Posted on October 18, 2017 @ 07:14:00 AM by Paul Meagher
Eric Ries wrote what is probably the most popular book ever on starting a business called The Lean Startup (2011). It is therefore worth mentioning when he publishes any new book on startups. I pre-ordered and received my copy of The Startup Way (2017) yesterday.
According to Eric, this book is 5 years in the making. He argues that many of the same lean startup principles (plus some new ones) apply at the enterprise level, to non profits and to government agencies that want to remain innovative and relevant.
I have not yet read beyond the first chapter of the book but what is particularly interesting to me is the issue of whether companies have to manage things differently at different stages of growth to keep on growing or whether similar management principles apply. In my last blog Scale and Complexity I suggested that different principles might apply to manage complexity as a company scales (based on the work by Verne Harnish); however, Eric appears to be making the provocative claim that many of the same lean management principles apply at all scales and for very different types of organizations (i.e., for profit, non profit, government). Eric argues for a unified theory of entrepreneurship that potentially applies at all stages of company growth if the company wants to keep growing. Obviously management of a company earning > 50 million is different in some respects from management in a company earning < 1 million, but what each company might have to do in order to manage ongoing growth and innovation might be similar in many respects. This is one of the issues that interests me and what I will be attending to as I continue reading this book.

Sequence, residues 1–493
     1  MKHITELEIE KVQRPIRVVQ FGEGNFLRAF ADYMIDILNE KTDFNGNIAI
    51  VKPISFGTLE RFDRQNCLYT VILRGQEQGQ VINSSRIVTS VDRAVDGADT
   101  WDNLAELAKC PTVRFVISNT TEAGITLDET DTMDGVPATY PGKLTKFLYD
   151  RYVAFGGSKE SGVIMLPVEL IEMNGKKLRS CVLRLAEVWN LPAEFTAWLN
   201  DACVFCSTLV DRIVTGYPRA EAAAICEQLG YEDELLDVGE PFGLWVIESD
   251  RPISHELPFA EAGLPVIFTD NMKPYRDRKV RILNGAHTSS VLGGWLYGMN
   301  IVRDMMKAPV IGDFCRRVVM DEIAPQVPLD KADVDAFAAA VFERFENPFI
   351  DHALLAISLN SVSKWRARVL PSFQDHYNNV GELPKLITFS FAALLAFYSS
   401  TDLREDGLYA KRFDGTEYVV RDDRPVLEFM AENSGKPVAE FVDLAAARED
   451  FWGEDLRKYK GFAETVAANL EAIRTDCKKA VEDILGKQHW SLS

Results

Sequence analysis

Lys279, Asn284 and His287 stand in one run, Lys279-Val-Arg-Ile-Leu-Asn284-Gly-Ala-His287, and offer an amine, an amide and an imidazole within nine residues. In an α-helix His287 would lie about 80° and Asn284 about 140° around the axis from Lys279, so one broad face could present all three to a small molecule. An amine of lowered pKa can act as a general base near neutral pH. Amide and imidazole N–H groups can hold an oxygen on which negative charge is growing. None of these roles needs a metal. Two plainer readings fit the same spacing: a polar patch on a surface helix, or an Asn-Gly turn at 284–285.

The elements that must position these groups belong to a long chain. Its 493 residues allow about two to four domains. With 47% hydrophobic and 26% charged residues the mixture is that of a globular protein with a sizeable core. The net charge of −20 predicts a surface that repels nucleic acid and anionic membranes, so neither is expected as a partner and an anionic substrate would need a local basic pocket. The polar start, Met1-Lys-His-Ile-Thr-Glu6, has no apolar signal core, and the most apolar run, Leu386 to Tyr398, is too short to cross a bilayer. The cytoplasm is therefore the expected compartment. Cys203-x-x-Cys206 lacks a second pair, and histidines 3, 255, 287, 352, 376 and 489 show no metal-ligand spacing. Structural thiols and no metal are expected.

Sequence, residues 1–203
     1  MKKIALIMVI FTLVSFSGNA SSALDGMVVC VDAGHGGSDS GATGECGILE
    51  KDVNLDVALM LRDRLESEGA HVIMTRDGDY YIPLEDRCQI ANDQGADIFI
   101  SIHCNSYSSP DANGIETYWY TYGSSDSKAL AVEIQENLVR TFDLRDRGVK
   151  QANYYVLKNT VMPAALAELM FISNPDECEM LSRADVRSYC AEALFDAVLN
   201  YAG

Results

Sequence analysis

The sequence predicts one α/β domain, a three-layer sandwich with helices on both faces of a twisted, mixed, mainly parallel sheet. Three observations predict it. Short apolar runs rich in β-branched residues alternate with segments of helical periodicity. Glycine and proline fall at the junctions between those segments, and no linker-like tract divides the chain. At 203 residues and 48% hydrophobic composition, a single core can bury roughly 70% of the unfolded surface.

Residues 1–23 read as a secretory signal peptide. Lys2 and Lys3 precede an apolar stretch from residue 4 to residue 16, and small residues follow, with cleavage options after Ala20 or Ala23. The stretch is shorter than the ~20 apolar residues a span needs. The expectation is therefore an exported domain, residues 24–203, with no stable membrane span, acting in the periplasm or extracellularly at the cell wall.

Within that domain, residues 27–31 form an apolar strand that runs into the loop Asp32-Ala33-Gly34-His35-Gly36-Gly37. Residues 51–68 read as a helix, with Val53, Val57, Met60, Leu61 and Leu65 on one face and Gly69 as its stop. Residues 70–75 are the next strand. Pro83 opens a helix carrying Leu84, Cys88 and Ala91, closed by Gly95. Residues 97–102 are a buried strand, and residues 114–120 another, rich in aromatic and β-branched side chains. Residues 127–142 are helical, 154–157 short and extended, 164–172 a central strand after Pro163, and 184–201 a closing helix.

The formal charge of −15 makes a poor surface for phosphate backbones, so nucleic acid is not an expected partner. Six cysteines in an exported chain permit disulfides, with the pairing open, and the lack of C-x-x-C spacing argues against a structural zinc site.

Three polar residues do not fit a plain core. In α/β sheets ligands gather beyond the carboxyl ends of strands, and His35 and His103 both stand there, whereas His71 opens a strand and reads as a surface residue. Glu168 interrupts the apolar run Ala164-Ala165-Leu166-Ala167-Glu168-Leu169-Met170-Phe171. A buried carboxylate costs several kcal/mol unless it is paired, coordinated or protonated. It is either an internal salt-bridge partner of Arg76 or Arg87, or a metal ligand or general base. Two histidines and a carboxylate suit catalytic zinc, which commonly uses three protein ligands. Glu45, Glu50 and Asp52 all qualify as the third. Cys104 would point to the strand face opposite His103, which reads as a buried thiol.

For now, however, I just wanted to draw your attention to this book because it looks like it will be another very popular addition to the startup literature. The book launch appears to have been scheduled to coincide with the launch of Eric's new startup The Long-Term Stock Exchange that will be interesting to follow as well.